grumpysquash Thu 21-Jan-16 15:20:30

If I were in your shoes, I would have an honest conversation with my manager and explain that, when I agreed to the full time job, I thought it would be suitable. However, in practise it is not so. And therefore, with regret, I will need to resign to find a part time position elsewhere.

If it really has to be a FT post, they will have to accept that you are going. On the other hand, it might end up with an offer of PT work.

But obviously don't do this if you wouldn't want it part time, just quit.

I honestly don't think there is a 'right' length of time for a job. They have already spent the money recruiting you, it is a sunk cost.

OvertiredandConfused Thu 21-Jan-16 15:22:22

I've been there OP and I resigned. It was a big news story in my sector at the time (can't say more for fear of outing myself but happy to message if it would help).

Yes it was tough but I never regretted it. Trust your instinct then be honest with your employers. Good luck.

TreadSoftlyOnMyDreams Thu 21-Jan-16 15:44:34

Ok so this is how I see it.

You've been in your last job for years and years. So massively in your comfort zone culturally and professionally I presume.
You now have a brand new job, in a new sector and the learning curve is going to be sharp?
You are working 50 hour weeks as part of that curve and you are physically and mentally exhausted. [from the commute and the knowledge you have to absorb.
You want to pack it in after 3 weeks? I guess you started after Christmas?
You've had very positive feedback, so your perception of how you are coping professionally at least is somewhat skewed.
You took the new job despite your DH's pressured job in anticipation of a new life in the country but instead have made life harder and not easier.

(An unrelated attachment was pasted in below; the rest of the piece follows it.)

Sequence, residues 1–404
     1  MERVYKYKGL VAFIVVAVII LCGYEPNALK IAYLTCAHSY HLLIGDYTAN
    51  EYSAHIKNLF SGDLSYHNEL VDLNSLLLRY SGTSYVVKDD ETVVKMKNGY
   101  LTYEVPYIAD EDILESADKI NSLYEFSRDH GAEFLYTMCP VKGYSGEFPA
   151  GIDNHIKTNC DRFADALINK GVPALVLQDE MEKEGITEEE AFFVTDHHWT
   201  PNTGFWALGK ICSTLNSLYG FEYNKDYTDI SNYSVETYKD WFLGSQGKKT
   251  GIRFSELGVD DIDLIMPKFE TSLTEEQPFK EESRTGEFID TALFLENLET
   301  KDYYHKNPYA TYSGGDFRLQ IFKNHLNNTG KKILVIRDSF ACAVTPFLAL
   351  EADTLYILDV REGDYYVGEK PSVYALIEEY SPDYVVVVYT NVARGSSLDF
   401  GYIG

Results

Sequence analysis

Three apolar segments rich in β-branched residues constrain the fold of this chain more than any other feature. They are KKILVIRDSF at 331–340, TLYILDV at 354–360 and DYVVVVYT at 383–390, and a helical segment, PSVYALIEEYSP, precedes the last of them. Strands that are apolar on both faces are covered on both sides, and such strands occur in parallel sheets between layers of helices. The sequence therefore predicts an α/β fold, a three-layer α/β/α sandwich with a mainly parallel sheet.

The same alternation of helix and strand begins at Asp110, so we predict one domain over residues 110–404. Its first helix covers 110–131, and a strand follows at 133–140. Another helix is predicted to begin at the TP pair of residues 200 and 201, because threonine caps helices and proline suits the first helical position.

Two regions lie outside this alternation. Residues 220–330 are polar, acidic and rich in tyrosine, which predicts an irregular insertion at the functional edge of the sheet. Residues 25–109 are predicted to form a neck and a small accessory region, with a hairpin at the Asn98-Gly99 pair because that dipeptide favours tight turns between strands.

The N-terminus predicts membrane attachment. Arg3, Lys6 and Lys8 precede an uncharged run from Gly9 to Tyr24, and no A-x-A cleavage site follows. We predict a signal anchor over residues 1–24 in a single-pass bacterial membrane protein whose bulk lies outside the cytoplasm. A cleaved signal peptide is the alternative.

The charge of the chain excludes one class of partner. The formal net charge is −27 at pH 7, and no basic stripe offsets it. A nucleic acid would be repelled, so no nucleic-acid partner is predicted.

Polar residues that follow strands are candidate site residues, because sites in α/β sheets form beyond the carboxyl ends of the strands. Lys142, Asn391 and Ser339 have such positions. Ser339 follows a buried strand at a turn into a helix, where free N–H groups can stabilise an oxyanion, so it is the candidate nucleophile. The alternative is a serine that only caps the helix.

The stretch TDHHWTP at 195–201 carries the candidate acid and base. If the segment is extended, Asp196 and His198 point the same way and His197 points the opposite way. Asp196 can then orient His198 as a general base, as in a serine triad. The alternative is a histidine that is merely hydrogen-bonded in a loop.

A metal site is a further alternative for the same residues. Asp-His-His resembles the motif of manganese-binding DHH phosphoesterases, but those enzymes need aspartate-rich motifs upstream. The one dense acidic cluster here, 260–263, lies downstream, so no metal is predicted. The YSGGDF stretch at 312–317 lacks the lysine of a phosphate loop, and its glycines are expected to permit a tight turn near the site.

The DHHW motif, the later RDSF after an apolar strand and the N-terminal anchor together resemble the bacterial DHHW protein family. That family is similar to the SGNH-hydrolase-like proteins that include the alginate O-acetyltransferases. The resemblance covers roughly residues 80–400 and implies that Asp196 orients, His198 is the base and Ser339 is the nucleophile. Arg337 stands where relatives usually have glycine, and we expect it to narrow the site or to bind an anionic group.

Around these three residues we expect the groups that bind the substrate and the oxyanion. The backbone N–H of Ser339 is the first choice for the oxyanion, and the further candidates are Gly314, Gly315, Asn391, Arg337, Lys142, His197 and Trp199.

As your employer I'd be fairly pissed off and taken aback if you resigned in such a short space of time. I would feel that you hadn't given yourself a chance to adjust and if I were middle management I would be very concerned about how it was going to reflect on me.
If the workload isn't manageable with a FT employee then it is not going to magically turn into a PT job.
50 hrs plus a commute is not a fecking part time job. What are you contracted for?
Have you actually said no to anything you have been asked to do? In a "Yes I can do that. I can schedule it in for September as I am fully loaded until then? <sweet smile, take it up with the MD if you want to get my work re-prioritised"

So my questions:
Can you manage financially if you pack it in and don't find PT work at your level?
How long before you have to let the nanny go?
Can your DH step up at all while you adjust?
Can you stay over locally a night a week for example, get your head down and stay late/get some sleep?
Do you know anyone you could job share with? A peer or younger colleague that you could mentor? If you both worked a 3 day week overlapping on one day to do handovers it can work very well.
How long is your probation period? If you are going you should give notice before that ends so you can't be made to work a 3-6 month notice period while they hire a replacement.
Have you spoken to anyone to say that the workload is not manageable as yet?

Twinklestar2 Thu 21-Jan-16 16:01:55

The exact same thing happened to me. I could have written your original post. I got made redundant after being on maternity leave and took the first job I got, realised on my first day that it didn’t feel right. It was a long commute, long hours so I never got to do pick up or drop offs for my son’s nursery and the job wasn’t quite doing what I wanted to do. Friends and family thought it was back to work nerves and advised that I stay on for at least a year but I got worried I’d get pigeon holed. I knew from day 1 it wasn’t for me. But the people were lovely, my manager was nice, the whole office was lovely, so it was so hard.

I had an honest conversation with my manager 10 days into the job! She said she understood and that I was brave to come and tell her and that she appreciated my honesty.

They asked me to stay on till they found someone else, which I agreed with as, like you, they thought my work was good and I had received positive feedback. They said they would give me a good reference and let me have time off for interviews.

I felt so much better once I told her!

In the end, they put me in touch with one of their clients who were recruiting and I got the job! It made me feel so much better for telling the truth.

Good luck and keep us posted.

scarlets Thu 21-Jan-16 16:11:01

Talk to your manager before quitting, it's only fair, but make it clear that you won't be persuaded to stay on the current terms. They'll have to negotiate with you, or lose you.